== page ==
Hooray we've arrived in Noumea
31 May 2017 | Port Morelle
🇫🇷 HOORAY WE'RE HERE!! 🇫🇷⚓️⚓️🎉🎉🇫🇷
We made it! 8 days to cross from Coffs Harbour to New Caledonia. It was an average passage with Mother Nature throwing us a vast array of conditions, from almost millpond seas for a whole day, followed by the biggest lightening storm that was the biggest and worst we've ever experienced, it was exploding with huge sheets of lightening that lit up the horizon as it very slowly moved almost parallel to us for hours. At the same time it was also moving ever so slowly closer and closer towards us. The storm happened on our second night out and Bruce was pretty tired so I stayed on watch for almost 5 hours, watching the "sound and light show" at the same time.
I thought it was important that I let Bruce have a good sleep in case he really needed his wits if this storm hit us. I was also hoping that the storm would hit during my skipper's watch and not mine and it did! I finished my long watch and hit the sack.
Two hours later an amazingly loud clap of thunder woke me please a start, I jumped up to find Bruce sitting (dare I say huddled) down below at the navigation table, he said it was so bad, he admitted he was scared sitting outside in the cockpit with lightening cracking loudly as it hit the sea about a mile away, he said he could almost hear the water bubble and hiss. He wasn't going out in it if he didn't have to. There's nothing like being on a yacht with a big 50 foot aluminium mast sticking up into the sky (which would act as a terrific lightening conductor if hit) in the middle of the mother of all lightening storms on the ocean 200 miles from land and a new moon to get ones imagination fired up, it was as black as the Ace of Spades out there and I was off watch 😛. I did mention that he could wake me if he needed me, but secretly I hoped he didn't. So I settled back into bed, hooked up my lee cloth, Bruce kept watch and I slept soundly, it was all over by the time I was back up on deck again.
The winds were pretty close to the predictions, we started off from Coffs with South Westerly winds that moved to South for a half day and then they settled into South Easterlies for most of the passage until 2 days before we arrived at New Cal, when it swung to the East and then North East and was around 20 knots, so this made for a very bumpy last couple of days, being constantly pushed north, the loser we got to New Cal. The swell was about 2 metres and to top off a long tiring day we had to throw in a tack about 20 miles from land, otherwise we would have missed the entrance to the lagoon at Amadee lighthouse and Noumea. The tack meant we arrived at night, Buggar! It's always preferable to enter an unknown harbour in daylight hours but our best laid plans weren't meant to be.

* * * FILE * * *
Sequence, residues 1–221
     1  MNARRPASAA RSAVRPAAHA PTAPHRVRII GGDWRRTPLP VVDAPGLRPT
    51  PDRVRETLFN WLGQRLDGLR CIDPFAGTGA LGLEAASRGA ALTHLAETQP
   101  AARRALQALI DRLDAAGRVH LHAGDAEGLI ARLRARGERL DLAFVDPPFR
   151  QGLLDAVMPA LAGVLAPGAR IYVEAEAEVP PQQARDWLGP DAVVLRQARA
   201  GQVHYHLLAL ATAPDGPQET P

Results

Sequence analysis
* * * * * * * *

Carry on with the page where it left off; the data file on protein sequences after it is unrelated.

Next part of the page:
We came in at night and the New Cal navigation aids were very clear and easy to follow, along with our trusty iNavX and Navionics charts it wasn't a problem. We dropped anchor I Baie de Citron at 2130hrs and slept like babes until 0900hrs the following morning.
*** The hilarious thing was that we'd been bounced around so much that when we'd anchored in a calm bay with just a little bobbing, enough to lull us to sleep, our bodies which had adjusted to the bouncing along for the last eight days hadn't adapted to our calm conditions so we kept stumbling and falling over in the cabin and we were still on the boat! We have often taken a while to find our "land legs" when shore after a long passage, but this has never happened when we've still been onboard.
In Laurieton Nth NSW getting the boat ready for our trip.
12 April 2017 | Laurieton Fishermans Co-op Wharf
After 6 months without us on board our little yacht we arrived back from Victoria to a yacht with a lot of mould ... yuk. We dumped our gear and found a motel for the night, ready to tackle the job of scrubbing everything with vinegar and oil of cloves to remove and hopefully deter any more mould growth.
A few days later we hauled out and antifouled whilst we had the yacht surveyed for insurance purposes..
It's a bit of a bonus when your surveyor falls in love with your boat. Ross couldn't stop telling us what a well maintained, well built and safe yacht we had...
We're busy stocking with provisions for our oncoming trip. We are heading for New Caledonia and beyond, where we sail to all depends on the weather. I'm hoping for Fiji, but as long as I can dive, swim, snorkel and go beach-combing I don't really care where we end up. I always say " Our Plans are Set in Jelly"
We won't leave Aus until Mid May to ensure that we are well out of the cyclone season. We will give the yacht a bit of a shake down and sail from Laurieton to The Clarence river and have a look at Illuka and surrounds.
so stay tuned. Cheers Chez